A bad punt was converted into a five-play, 47-yard drive for score as Laihinen sold a perfect fake into the middle and went six yards on an option for a 21-0 advantage.
Then back-up kicker Luke Neusen dropped a kickoff into no-man's land and Gehrke pounced on it on the Marshfield 16.
Three plays later, Laihinen snuck in from a yard out for a 27-0 lead.
A play later, defensive back Riley Pelisek forced and gathered in a fumble on the Tiger 38. Three plays later, Laihinen found a wide open Schneider in the flat for a 35-yard TD reception as the margin ballooned to 35-0.
And just for good measure, Gehrke went back at it again, intercepting a pass on the Marshfield 47. Three plays later and with just 27 seconds left in the half, Laihinen squirreled in from a yard out for his third TD of the half and a 42-0 halftime lead.
"I'm not sure what to say," said Gehrke. "I can't really explain it. It's just that we've working and looking forward to this for eight years. I think we played just a great half."
Indeed, even Laihinen and the passing game were flawless, as including Wilkerson's toss, the Highlanders threw for 176 yards in the first half, including completions on all eight attempts.
Back-up running back Brett Geschke even got into the act in the second half with a nifty 36-yard bounce off the edge to paydirt.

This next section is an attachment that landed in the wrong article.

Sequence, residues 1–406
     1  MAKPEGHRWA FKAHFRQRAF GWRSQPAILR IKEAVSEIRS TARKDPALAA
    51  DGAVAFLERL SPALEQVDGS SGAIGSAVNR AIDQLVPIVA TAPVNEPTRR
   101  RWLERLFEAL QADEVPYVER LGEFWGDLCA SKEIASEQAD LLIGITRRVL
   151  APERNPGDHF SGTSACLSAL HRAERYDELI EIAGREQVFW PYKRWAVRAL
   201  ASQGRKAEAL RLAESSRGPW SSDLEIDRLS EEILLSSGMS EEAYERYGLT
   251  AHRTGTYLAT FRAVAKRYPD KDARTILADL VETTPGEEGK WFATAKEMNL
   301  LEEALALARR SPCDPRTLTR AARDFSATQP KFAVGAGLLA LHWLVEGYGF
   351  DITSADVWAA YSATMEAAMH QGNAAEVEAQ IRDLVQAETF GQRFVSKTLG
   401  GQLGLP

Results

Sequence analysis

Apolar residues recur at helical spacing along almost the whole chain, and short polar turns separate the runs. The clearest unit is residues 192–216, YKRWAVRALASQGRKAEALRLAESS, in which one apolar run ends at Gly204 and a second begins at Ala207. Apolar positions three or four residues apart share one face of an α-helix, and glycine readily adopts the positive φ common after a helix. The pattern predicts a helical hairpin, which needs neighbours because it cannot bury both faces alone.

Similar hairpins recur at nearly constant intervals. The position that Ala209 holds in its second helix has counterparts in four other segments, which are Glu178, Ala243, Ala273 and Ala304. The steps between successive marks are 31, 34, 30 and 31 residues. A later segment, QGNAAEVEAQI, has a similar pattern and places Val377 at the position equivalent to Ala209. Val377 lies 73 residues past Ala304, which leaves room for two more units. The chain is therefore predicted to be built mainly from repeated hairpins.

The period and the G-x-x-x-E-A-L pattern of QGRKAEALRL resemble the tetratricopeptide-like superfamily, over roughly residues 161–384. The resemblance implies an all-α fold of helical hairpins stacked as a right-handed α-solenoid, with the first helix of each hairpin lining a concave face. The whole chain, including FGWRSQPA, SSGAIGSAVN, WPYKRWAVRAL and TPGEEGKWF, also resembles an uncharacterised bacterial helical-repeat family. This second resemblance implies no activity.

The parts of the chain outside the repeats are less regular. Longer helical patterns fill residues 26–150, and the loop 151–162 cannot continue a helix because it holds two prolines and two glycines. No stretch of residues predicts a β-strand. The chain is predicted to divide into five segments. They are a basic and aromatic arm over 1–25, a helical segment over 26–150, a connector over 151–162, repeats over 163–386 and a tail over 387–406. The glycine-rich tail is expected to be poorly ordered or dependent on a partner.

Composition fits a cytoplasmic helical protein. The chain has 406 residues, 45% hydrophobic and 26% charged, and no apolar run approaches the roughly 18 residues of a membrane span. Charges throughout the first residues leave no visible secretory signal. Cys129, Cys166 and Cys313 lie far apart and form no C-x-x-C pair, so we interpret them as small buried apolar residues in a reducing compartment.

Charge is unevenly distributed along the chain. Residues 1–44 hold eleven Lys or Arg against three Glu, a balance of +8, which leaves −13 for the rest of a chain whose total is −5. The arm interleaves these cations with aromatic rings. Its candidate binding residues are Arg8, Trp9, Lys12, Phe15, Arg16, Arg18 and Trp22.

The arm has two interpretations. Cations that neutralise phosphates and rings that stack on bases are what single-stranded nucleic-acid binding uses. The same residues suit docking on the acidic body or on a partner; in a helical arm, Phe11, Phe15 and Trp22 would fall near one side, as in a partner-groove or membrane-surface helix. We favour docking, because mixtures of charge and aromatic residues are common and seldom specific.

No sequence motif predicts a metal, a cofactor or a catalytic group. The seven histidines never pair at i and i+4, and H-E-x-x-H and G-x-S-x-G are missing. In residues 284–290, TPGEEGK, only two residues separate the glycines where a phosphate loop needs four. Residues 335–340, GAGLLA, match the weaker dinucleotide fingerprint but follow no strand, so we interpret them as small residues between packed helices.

"This feels great," said Laihinen. "When coach Keel calls the perfect play for the perfect situation, it's an amazing feeling."
Even giant senior offensive tackle Luke Worthington, who will play his last football game in the state finals as he is taking a basketball scholarship to BYU next fall, felt good about his role, leading an efficient effort by an offensive line that includes three sophomores.
"This is amazing," he said. "We're starting a new legacy here. We're getting back to state, where we belong."
"The whole week of practice we tried to be as perfect as we could be," said Schneider. "To be anything else was not an option at this point (in the season)."
His coach was happy to see that.
"One of the things that successful teams do is play their best football towards the end of the season," said Keel. "That (first half) may indeed have been the best run of football I've seen in many seasons."
"All three phases, offense, defense, special teams, we were clicking."
Your link to the biggest stories in the suburbs delivered Thursday mornings.
Enter your e-mail address above and click "Sign Up Now!" to begin receiving your e-mail newsletter Get the Newsletter!
- Football: Preps football photos of the week: Aug. 29
- The social media story of Homestead at Arrowhead football
- Allen leads Homestead football team to 24-20 victory over Arrowhead
- Football: Poll: Will Homestead or Arrowhead win in Week 2 matchup?
- Homestead functional in 29-8 win over Hartford
- Homestead football team can go far behind its O-line, leaders
- Homestead's Juedes, like his dad, was a leader in all ways
- Homestead baseball team bats and spirit carried it to state this year
- Homestead's 1994 state title was never easy
- Summer tourney a success for third straight year